14. Picking them out of your teeth doesn't count. I wear an open face helmet. After taking a June bug in the cheek I finally put a face shield back on. Back when I had rice rockets I wore a full face and took some big bug at well over a hundred. What a mess!
  15. Great channel. Karen's laugh is infectious, dog is a riot.
  16. Actually #30 , .1285 - clearance for a 1/8" rivet. Imagine just how many a manufacturer goes through! Even a small shop like the one I worked in would go through a handful on a repair. I wonder how much a Winslow sharpener costs? Edit: Never mind. I found used on Ebay for 4 grand!
  17. Back in the day there was a guy who picked up all our bits and returned them in like new condition for cheap money. Most were small stuff used on sheet metal - #s 40; 30; 21 and the like. They'd even do the short reversible knock outs. The extension bits are expensive and well worth sharpening. They could not do threaded bits that were used in angle drills. Often when drilling out hundreds of rivets you could pick up the dimple of an AD rivet and stay centered, but only with a split point. I've never seen anyone successfully hand sharpen a small split point. There must still be a sharpening service like that somewhere. Aluminum is soft but it still will wear bits out to the point that they wander or cause you to use too much pressure thus ensuring that they'll wander. We used cobalt almost exclusively as they were worth the extra money. Somewhere I have a Drill Doctor. I stopped using it for some reason that I forget. It did a reasonably good job on split points above about a 3/16th, if memory serves.
  18. Ford had a similar problem back in the '70s. I was always careful to be sure it latched in on my AT 70s Ford pickups. Back at the airline we lost a few. In PHL a lav truck backed across the ramp, firmly wedging itself under a TWA 707. In BOS a water truck disappeared one evening, found in Boston harbor in the morning. It had backed its way across all the runways in the middle of the night. There were other similar events. Eastern's fix was to remove all the column shifters and replace them with floor mounted ones that only had forward, neutral, and reverse. Parking brakes had to be used and chocks in place first thing when exiting the cab, a common practice today.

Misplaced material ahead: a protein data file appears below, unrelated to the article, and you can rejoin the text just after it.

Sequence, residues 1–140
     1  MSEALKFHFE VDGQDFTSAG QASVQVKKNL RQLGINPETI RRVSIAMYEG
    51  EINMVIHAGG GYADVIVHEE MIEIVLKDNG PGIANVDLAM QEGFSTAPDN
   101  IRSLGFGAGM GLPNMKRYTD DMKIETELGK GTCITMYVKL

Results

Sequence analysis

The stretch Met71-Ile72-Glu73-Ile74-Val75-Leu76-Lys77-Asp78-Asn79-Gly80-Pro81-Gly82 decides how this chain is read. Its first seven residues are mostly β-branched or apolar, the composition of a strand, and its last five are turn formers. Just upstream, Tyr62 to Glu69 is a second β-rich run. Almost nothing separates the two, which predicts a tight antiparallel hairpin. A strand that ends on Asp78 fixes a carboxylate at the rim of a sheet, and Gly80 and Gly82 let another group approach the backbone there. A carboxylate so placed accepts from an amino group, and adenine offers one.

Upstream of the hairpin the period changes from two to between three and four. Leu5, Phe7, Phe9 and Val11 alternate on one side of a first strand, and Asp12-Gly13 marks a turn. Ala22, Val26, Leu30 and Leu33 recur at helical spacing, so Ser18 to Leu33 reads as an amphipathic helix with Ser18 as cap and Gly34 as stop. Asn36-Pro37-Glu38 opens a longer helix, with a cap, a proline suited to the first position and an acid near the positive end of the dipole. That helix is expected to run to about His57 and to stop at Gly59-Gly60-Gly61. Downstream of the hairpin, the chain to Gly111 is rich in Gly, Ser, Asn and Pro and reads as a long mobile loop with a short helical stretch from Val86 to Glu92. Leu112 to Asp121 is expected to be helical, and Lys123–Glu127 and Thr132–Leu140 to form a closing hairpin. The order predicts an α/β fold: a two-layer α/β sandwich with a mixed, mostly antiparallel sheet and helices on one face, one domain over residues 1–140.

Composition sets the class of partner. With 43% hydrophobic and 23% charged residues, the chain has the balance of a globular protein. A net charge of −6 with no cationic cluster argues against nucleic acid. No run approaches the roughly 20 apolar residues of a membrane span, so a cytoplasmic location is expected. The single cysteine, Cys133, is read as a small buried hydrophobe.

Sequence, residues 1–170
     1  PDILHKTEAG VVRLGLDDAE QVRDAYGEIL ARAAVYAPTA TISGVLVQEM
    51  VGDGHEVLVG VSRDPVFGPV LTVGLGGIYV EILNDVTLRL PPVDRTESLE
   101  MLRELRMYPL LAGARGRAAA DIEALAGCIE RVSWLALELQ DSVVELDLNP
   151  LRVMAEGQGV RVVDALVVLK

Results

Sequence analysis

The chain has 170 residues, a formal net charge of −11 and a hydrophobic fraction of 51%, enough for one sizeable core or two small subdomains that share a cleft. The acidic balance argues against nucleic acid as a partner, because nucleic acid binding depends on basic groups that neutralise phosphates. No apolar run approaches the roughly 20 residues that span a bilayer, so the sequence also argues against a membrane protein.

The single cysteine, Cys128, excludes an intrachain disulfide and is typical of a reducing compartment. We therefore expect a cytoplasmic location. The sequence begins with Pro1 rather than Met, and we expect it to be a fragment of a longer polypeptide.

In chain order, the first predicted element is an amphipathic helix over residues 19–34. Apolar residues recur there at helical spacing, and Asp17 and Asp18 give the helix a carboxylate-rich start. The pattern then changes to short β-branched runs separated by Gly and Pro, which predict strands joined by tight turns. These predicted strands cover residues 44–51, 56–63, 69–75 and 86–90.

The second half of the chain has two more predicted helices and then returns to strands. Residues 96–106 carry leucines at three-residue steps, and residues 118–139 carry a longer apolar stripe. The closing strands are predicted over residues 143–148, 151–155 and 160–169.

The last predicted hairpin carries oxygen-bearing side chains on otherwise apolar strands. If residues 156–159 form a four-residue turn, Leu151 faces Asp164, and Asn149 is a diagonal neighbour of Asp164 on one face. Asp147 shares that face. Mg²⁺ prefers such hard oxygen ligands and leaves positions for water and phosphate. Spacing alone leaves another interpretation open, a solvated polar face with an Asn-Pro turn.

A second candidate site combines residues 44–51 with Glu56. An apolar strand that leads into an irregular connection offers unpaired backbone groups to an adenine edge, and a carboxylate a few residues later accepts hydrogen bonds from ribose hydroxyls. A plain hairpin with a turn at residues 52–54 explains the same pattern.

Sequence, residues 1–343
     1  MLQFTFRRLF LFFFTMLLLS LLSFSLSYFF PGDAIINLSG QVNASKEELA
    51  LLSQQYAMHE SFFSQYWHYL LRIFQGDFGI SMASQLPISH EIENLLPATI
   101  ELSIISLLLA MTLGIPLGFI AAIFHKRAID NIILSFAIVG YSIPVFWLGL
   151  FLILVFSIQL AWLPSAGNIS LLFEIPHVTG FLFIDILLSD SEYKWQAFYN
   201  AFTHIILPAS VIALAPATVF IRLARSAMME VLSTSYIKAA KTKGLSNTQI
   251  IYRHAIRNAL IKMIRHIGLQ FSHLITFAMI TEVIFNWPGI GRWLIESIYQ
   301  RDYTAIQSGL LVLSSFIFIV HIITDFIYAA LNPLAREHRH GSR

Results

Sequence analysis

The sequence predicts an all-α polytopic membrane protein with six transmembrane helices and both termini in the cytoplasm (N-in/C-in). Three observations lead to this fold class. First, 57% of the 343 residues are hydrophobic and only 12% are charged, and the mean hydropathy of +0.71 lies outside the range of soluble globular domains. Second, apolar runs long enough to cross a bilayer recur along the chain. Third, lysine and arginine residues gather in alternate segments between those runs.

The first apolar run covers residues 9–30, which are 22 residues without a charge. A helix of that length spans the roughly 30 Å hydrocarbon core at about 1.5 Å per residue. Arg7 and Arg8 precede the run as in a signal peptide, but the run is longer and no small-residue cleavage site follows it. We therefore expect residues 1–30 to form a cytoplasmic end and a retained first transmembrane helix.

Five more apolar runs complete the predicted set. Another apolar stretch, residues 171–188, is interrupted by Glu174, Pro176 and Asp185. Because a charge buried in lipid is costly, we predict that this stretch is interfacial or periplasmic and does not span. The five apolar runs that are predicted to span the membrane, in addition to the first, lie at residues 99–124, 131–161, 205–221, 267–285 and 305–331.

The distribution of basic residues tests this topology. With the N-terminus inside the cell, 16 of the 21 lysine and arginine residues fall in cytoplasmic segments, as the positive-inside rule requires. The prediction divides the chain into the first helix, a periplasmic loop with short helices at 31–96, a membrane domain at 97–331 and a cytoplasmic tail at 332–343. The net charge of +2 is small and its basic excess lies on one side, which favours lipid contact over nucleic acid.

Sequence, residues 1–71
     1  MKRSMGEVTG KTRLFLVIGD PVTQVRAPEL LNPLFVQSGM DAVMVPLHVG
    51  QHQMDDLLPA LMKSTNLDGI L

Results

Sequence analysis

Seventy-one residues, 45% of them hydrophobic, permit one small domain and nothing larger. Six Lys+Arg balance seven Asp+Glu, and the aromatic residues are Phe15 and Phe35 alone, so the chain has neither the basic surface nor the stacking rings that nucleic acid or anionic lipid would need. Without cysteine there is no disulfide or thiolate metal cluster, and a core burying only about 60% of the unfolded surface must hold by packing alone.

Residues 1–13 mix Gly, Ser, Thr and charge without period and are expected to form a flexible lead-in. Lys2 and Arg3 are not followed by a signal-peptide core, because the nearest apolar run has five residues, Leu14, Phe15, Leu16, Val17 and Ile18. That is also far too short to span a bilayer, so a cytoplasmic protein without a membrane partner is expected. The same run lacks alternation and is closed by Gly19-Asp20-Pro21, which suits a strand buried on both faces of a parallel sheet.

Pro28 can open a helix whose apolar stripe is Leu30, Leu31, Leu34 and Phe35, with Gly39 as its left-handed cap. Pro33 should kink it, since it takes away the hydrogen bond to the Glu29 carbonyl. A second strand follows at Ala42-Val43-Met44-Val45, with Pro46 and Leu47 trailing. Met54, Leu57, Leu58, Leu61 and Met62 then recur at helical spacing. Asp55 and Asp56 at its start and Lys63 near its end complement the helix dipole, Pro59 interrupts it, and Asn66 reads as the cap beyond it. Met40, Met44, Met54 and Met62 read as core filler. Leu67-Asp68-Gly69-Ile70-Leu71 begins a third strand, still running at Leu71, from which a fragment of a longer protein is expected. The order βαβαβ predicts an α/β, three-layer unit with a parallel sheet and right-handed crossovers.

19. Educate yourself to all the rules too. I've had a near miss with one operating way above 400'. Here are the rules: https://www.google.com/url?sa=t&rct=j&q=&esrc=s&source=web&cd=&ved=2ahUKEwjT25HZoLH6AhWsKkQIHRUHBJIQFnoECAIQAw&url=https%3A%2F%2Fwww.nifc.gov%2Fdrones%2Fblm%2FFAA%20Part%20107%20Fact%20Sheet.pdf&usg=AOvVaw1_Nu3DGubgt0dBOzr9B4aJ I have a remote pilot certificate simply because I wanted one and being a pilot the test required no study. Some day I may buy one😁
  20. Exactly. They're tough on the rabbits too but always leave enough for the next generation. Last summer we had a female with two kittens keeping us company. That may have been the same girl or perhaps one of her kittens. I think they got lots of the groundhogs as I haven't seen as many as usual. I took a long shot at one in the spring but aimed about a half inch too high. They're a very destructive rodent.